throughout the world

at the highest level,

and in order

to guide education everywhere in the training of citizens.

These six conditions do not determine the precise way in which power shall be organized in a world of independent nations. But they do recognize that no international agency can yet be formed which transgresses the external sovereignty of states.

They do not decide whether a coalition of great powers is for or against the national interest of any state. But they do help a people to decide whether its attitude toward any proposed coalition springs exclusively from partisan interests or whether it also

common good into account. These conditions do not measure the efficacy of any plan

takes a larger

as

a device for postponing or controlling the next war. Rather they require a balance to be struck between efficiency in prolonging the truce and efficiency in promoting conditions favorable to the future of peace. The difficulty of that requirement should prepare us to expect partial failure in either direction.

The

pessimist or realist

is

likely to say that these conditions

He should be reminded that they have a practical bearing on the immediate as well as upon the remote future. In whatever degree we fail to make the truce good by these criteria we shall fail to postpone the next war as well as to hasten peace. are utopian.

HOW TO THINK ABOUT

VfAK

AND PEACE

Throughout, these conditions observe the distinction between latter can be done

making peace and promoting peace. Only the in our day. \

4 Since the probabilities jective, plans for

ernment do not

make perpetual peace a remote

ob-

world federation or blueprints for world govproblem of means.

rightly solve the

means best suited to our day. They will while the end is still remote. That is what makes them the proper means for us to employ during our lifetime— proper because they are as remote from the goal as the goal is remote from us. We cannot make peace, but we can promote it, by action along

Our task is

to find the

be steps we can take

now

the following lines: 1.

A

JUST AND EQUITABLE TRUCE Every citizen who has a voice in the matter (in any country where men are citizens) should support a settlement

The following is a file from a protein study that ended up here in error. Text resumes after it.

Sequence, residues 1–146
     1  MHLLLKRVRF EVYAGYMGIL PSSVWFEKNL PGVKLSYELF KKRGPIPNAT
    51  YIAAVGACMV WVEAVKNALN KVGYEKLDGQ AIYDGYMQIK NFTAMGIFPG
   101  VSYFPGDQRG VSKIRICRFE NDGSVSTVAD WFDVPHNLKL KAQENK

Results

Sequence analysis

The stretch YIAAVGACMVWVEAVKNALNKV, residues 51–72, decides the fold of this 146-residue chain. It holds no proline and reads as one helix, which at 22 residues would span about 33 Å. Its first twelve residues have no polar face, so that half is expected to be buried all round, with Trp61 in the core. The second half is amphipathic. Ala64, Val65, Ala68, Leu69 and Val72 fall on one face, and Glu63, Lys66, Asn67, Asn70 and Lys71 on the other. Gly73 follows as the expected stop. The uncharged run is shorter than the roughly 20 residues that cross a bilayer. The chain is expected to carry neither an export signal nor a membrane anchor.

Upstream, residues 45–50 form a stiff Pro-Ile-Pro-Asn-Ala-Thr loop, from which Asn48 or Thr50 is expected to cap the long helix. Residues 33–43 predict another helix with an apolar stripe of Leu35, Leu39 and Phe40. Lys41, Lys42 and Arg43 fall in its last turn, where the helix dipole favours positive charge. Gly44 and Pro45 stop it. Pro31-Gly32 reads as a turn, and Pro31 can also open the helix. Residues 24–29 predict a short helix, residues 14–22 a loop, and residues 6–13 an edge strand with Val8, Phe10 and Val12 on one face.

of this war which tends to

facilitate,

not merely the post-

ponement of the next war, but the advent of peace. He should oppose any arrangements by treaty or alliance which, through their intrinsic injustice, impede the world's progress toward peace.

The

general criteria for

specific proposals 2.

making such

have already been

a

judgment about

set forth.

International agencies

The citizen,

through the exercise of his suffrage or otherwise, should try to form a governmental policy which actively favors

and supports all international agencies good purpose, without now requir-

that can function to

ing the abolition of sovereignty.

The

experience gained from participation in inter-

national transactions will contribute toward overcoming

MEANS

*95

unlimited nationalism and toward transcending the limited internationalism that results from 3.

A

it.

WORLD CONSTITUTIONAL CONVENTION upon their governments

Citizens should urge

tion of a

the forma-

permanent peace conference which

tinue to operate during

all

will con-

the years of the truce

may be

which, except for the interruption that

and

occa-

•sioned by the next world war, will continue to function until peace is finally made. This peace conference should be sharply distinguished from the diplomatic assembly whose sole purpose is to conclude the terms of a truce. It should perform the

work of a constitutional convention,

drafting the articles

for the constitution of world government,

ing the steps that must be taken to procure

and considerits

ratification

by the nations to be federated. 4.

Reform and revolution

Men

everywhere (whether leaders or followers) must

exercise their freedom to participate in all social,

and

accelerate

economic, and political reforms, which aim to

enact in practice the democratic principles enshrined in constitutions.

Where constitutions exist, this can be accomplished by their amendment or through due process of law. Where no

constitutions exist, the natural right of rebellion

against every form of injustice remains the inalienable

prerogative of man. Justified rebellions in any part of

the world should enlist the sympathies, and even the active support, of peace-seeking

men

or not the declared policy of their

elsewhere, whether

own governments

is

that of nonintervention. 5.

Education All those

who

are in any

way

responsible for the educa-

HOW TO THINK ABOUT WAR AND PEACE

*94

tion of others should

employ education as a prime instru-

mentality for effecting the mental, moral, and cultural

changes prerequisite to peace.

They should recognize that education can function in many ways: through enabling men to become citizens an intellithrough equalizing the

in fact as well as in right, thereby exercising

gent voice in their

own

affairs;

by remedying the accidentally conditioned induced immaturity of the so-called backward or primitive peoples; and, above all, through instructing men about the possibility and probability of races of meri

or

artificially

a durable world-wide peace, the conditions of ability,

and the rewards

of

its

its

attain-

attainment.